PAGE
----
Fairness of Dismissal – General Points
The ERA 1996 s98 (4) states:
The determination of the question of whether the dismissal is fair or not (having regard to the reason shown by the employer) shall depend on whether:
In the circumstances of the case
Including the size and administrative resources of the employer’s undertaking
The employer acted reasonably or unreasonably
In treating it as a sufficient reason for dismissing the employee
Shall be determined in accordance with equity and the substantial merits of the case
Iceland Frozen foods v Jones  IRLR 439
HSBC v Madden
Post Office v Foley [2000 ]IRLR 827 CA
London Ambulance Services NHS Trust v Small  EWCA Civ 220.
Key word is REASONABLY and can be broken down into two basic questions:
Did the employer use a fair procedure?
Did the employer’s decision to dismiss fall within the range of reasonable responses open to a reasonable employer?
Important to note that the burden of proof regarding fairness is neutral. However all this really means is that the employer does not bear the burden when the facts are doubtful or in dispute. The reality is that since the employer made the decision and generally has the greater access to information, the tribunal effectively expects the employer to show why the decision was made and how it was reasonable.
Matters known to Employer
Can only rely on those matters known at the time of dismissal. Cannot rely on matters subsequently discovered (cf wrongful dismissal claim).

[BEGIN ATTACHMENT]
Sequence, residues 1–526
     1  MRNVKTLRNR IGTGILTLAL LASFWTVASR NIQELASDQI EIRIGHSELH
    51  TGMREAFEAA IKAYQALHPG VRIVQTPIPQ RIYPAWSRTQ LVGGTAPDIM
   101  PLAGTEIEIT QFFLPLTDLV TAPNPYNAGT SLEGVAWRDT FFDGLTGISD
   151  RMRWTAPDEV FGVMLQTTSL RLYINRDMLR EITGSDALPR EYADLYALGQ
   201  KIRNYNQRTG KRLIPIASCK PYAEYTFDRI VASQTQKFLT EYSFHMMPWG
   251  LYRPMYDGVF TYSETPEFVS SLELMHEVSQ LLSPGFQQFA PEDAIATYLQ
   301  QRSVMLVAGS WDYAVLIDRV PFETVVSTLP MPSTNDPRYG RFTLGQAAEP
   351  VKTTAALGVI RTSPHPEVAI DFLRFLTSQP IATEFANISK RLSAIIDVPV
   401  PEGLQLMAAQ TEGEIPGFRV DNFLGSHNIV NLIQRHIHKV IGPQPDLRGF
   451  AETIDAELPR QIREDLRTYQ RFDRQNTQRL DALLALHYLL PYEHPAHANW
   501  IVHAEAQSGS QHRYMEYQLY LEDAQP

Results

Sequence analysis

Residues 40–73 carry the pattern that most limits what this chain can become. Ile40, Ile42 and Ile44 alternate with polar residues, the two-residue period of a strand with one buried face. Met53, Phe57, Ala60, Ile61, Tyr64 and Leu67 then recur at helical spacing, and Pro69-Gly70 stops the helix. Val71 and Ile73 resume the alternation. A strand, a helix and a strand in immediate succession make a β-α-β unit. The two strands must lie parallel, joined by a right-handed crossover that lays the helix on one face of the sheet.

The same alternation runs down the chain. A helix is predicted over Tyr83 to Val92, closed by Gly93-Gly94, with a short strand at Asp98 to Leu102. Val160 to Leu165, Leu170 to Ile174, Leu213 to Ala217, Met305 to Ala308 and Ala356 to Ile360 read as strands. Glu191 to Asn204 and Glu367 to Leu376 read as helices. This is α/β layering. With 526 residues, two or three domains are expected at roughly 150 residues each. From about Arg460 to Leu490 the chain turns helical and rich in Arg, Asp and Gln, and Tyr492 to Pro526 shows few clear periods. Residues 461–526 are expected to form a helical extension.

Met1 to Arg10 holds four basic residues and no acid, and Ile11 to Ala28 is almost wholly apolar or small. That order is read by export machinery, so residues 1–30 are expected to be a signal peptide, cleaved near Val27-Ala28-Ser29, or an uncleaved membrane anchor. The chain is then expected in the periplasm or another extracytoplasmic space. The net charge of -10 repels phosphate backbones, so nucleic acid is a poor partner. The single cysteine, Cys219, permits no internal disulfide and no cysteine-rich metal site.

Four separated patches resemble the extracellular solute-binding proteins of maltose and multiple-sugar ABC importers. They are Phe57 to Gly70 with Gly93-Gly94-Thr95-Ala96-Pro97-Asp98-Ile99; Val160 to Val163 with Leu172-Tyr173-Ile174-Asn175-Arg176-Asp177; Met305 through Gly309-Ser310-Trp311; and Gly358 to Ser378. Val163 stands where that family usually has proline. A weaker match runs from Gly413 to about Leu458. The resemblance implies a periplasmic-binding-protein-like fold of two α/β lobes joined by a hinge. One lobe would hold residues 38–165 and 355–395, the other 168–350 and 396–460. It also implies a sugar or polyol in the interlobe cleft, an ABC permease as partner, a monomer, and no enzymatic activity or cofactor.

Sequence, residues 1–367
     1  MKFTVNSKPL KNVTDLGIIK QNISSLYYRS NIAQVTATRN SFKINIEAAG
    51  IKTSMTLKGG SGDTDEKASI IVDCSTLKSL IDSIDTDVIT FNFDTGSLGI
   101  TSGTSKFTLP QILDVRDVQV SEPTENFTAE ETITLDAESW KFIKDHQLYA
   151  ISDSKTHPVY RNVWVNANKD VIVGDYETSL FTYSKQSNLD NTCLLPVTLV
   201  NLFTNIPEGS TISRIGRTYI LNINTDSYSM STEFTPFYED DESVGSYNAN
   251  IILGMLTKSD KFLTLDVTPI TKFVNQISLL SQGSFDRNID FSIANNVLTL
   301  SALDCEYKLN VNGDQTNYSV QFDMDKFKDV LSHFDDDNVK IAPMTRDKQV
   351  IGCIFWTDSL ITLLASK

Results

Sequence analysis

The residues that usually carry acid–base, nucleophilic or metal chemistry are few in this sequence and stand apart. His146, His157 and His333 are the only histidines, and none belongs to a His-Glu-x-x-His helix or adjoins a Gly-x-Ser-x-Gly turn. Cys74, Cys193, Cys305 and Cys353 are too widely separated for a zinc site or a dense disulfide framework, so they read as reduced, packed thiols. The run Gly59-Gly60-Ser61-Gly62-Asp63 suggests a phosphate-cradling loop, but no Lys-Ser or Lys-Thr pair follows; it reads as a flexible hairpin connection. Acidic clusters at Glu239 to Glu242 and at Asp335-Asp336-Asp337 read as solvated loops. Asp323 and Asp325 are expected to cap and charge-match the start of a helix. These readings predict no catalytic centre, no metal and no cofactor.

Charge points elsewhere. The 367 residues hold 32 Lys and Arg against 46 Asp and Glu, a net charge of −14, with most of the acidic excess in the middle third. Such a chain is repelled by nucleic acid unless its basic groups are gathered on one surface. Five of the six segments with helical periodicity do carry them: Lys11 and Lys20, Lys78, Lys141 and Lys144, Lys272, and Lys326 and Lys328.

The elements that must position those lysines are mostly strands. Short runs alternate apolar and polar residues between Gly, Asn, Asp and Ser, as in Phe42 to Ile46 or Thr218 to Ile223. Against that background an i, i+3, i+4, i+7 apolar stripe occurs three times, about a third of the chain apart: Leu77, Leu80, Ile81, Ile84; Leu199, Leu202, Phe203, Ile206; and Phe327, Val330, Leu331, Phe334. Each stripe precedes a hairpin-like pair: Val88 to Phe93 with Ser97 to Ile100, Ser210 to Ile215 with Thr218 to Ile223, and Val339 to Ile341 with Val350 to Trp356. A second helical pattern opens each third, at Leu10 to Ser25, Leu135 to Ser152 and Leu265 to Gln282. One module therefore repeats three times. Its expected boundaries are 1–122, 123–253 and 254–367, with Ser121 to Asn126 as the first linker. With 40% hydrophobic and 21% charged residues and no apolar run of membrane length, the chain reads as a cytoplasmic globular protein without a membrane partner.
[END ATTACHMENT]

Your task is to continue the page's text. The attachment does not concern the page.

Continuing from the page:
W Devis & Sons v Atkins  AC 931
Size of undertaking
Tribunal will take into account the size and administrative resources of the undertaking.
Does reason justify dismissal ?
May be other sanctions that could be appropriate.
Pressure on Employer
Tribunal must not take into account any pressure put on employer by way of threat of or industrial action. S107 ERA
Breach of Contract
Consider length of service of employee.
Consideration of previous similar situations.
Procedural Unfairness – General
It is a vital feature of employment law that the employer must operate a fair procedure when dismissing an employee. An employer will not only have to consider the employer’s own contractual procedures but now will also need to be aware of the importance of the ACAS Code and Guidelines.
ss37 and 38 of ERA 2004
The ACAS Code and Guidelines
Any relevant code should be considered by tribunal.
New statutory code was issued to accompany the Employment Act 2008.
Not legally binding and failure to follow code will not make any person or organisation liable to proceedings.
Tribunal will however take code into account when considering cases.
More importantly a Tribunal will be able to increase or decrease an award by up to 25% where it feels that an employer or employee had unreasonably failed to follow the code.
Common sense approach to industrial relations and recommends informal resolution procedures initially followed by formal procedures.
Includes the following:
On disciplinary procedures:
Deal with issues promptly and consistently
Establish the facts before taking action
Make sure that the employee is informed of the allegations
Hold a meeting with the employee
Allow the employee to be accompanied and to state their case
Make sure that the disciplinary action is appropriate to the case
Provide the employee with an opportunity to appeal
The employee should clearly inform their line manager of nature of grievance
Employee should be allowed to bring a companion to any hearing
Action taken should be appropriate to the grievances
An appeal system should be in place.
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